One year to the day since a team of 20 social workers, police officers, and special agents stormed a homeschooling family’s residence near Darmstadt, Germany, and forcibly removed all four of the family’s children, aged 7 to 14, a state appeals court has returned custody of the children to their parents.

The reason given for the removal was that parents Dirk and Petra Wunderlich continued to homeschool their children in defiance of a German ban on home education.

The children were returned three weeks after being taken, following an international outcry spearheaded by the Home School Legal Defense Association.

However, a lower court imposed the condition on the parents that their children were required to attend state schools in order for them to be released, and took legal custody of the children in order to prevent the family from leaving the country.

In a decision that was still highly critical of the parents and of homeschooling, the appeals court decided that the action of the lower court in putting the children in the custody of the state was “disproportional” and ordered complete custody returned to the parents, according to a statement by the HSLDA.

The Wunderlichs, who began homeschooling again when the court signaled it would rule this way, said they were very pleased with the result, but noted that the court’s harsh words about homeschooling indicated that their battle was far from over.

“We have won custody and we are glad about that,” Dirk said.

“The court said that taking our children away was not proportionate—only because the authorities should apply very high fines and criminal prosecution instead. But this decision upholds the absurd idea that homeschooling is child endangerment and an abuse of parental authority.”

The Wunderlichs are now free to emigrate to another country where homeschooling is legal, if they choose, but they said they intend to remain in Germany and work for educational freedom.

“While we no longer fear that our children will be taken away as long as we are living in Hessen, it can still happen to other people in Germany,” Dirk said. “Now we fear crushing fines up to $75,000 and jail. This should not be tolerated in a civilized country.”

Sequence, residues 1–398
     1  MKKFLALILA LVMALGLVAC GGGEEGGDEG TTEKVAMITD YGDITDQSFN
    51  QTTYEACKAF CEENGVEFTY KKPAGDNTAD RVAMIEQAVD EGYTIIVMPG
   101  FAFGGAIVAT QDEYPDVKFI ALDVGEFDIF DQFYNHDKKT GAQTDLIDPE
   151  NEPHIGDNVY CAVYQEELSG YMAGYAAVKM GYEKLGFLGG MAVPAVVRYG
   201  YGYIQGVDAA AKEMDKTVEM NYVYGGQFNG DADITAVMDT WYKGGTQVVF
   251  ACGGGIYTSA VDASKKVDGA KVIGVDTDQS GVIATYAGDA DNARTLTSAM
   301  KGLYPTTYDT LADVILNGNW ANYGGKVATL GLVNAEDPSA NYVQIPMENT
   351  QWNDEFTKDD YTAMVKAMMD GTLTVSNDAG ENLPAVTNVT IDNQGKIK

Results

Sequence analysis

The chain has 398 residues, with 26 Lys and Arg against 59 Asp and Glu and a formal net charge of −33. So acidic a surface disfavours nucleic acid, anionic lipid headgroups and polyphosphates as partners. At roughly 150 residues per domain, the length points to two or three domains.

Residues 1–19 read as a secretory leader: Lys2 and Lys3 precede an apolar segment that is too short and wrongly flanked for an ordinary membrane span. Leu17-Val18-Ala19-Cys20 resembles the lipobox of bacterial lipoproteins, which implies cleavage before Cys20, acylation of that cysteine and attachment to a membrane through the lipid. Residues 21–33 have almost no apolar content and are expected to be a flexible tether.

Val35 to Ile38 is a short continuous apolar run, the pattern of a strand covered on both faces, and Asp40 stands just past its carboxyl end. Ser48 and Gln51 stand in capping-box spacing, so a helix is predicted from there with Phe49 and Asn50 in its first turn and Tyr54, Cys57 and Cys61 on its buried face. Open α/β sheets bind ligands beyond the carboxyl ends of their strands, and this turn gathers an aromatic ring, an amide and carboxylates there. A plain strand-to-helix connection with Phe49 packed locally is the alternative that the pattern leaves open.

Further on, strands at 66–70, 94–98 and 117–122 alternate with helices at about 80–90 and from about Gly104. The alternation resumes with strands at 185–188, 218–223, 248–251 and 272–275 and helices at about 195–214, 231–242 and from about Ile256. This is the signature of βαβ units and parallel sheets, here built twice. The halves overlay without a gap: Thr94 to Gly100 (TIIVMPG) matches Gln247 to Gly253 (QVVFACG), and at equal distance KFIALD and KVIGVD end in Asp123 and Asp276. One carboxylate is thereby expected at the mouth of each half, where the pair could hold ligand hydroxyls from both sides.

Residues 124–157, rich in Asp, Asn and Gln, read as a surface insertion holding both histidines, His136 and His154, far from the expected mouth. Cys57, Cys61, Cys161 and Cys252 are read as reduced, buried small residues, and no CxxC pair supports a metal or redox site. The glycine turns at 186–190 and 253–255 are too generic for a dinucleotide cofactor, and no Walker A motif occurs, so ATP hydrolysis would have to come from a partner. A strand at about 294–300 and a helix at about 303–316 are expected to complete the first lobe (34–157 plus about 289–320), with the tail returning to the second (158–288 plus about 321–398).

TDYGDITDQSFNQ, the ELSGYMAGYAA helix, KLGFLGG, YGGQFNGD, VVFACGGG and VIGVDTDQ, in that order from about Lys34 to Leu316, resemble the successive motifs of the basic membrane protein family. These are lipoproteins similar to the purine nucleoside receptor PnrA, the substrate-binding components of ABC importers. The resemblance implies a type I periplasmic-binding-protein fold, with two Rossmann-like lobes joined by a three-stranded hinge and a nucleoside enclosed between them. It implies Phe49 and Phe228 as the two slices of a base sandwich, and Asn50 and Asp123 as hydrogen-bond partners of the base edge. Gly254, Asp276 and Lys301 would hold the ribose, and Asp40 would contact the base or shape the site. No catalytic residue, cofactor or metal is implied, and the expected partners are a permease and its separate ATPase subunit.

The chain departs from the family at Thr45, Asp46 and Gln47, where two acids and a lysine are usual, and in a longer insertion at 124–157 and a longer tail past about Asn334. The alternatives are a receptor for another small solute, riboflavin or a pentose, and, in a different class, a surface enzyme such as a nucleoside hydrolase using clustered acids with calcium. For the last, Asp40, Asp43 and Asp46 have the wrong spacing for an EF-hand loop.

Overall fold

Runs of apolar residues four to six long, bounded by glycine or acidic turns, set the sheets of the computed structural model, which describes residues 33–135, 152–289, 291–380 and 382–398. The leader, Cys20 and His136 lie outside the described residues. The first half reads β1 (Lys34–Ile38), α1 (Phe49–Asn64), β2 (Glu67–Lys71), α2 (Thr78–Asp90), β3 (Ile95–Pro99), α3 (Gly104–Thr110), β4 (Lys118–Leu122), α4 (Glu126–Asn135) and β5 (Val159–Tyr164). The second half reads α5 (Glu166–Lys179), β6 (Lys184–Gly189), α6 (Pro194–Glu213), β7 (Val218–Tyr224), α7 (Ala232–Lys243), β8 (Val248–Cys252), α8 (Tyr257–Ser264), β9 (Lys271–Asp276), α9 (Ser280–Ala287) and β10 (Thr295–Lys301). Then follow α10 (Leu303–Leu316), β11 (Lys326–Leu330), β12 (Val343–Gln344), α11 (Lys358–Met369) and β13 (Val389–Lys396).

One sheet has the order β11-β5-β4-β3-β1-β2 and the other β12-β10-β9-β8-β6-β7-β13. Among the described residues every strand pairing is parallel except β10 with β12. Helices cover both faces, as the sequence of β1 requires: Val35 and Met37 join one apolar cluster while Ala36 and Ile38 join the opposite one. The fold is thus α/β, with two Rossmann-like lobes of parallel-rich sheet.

Petra Wunderlich said, "We could not do this without the help of HSLDA,” but cautioned that, “No family can fight the powerful German state—it is too much, too expensive."

"If it were not for HSLDA and their support, I am afraid our children would still be in state custody. We are so grateful and thank all homeschoolers who have helped us by helping HSLDA.”

HSLDA’s Director for Global Outreach, Michael Donnelly, said he welcomed the ruling but was concerned about the court’s troubling language.

“We welcome this ruling that overturns what was an outrageous abuse of judicial power,” he said.

“The lower court decision to take away legal custody of the children essentially imprisoned the Wunderlich family in Germany. But this decision does not go far enough. The court has only grudgingly given back custody and has further signaled to local authorities that they should still go after the Wunderlichs with criminal charges or fines.”

Donnelly pointed out that such behavior in a democratic country is problematic.

“Imprisonment and fines for homeschooling are outside the bounds of what free societies that respect fundamental human rights should tolerate,” he explained.

“Freedom and fundamental human rights norms demand respect for parental decision making in education. Germany’s state and national policies that permit banning home education must be changed.

"Such policies from a leading European democracy not only threaten the rights of tens of thousands of German families but establish a dangerous example that other countries may be tempted to follow,” Donnelly warned.

HSLDA Chairman Michael Farris said that acting on behalf of the Wunderlichs was an important stand for freedom.

“The Wunderlichs are a good and decent family whose basic human rights were violated and are still threatened,” Farris said.

“Their fight is our fight," Farris stressed, "and we will continue to support those who stand against German policy banning homeschooling that violates international legal norms. Free people cannot tolerate such oppression and we will do whatever we can to fight for families like the Wunderlichs both here in the United States and abroad. We must stand up to this kind of persecution where it occurs or we risk seeing own freedom weakened.”

Visit the HSLDA website dedicated to helping the Wunderlich family and other German homeschoolers here.

Contact the German embassy in the U.S. here.

Contact the German embassy in Canada here.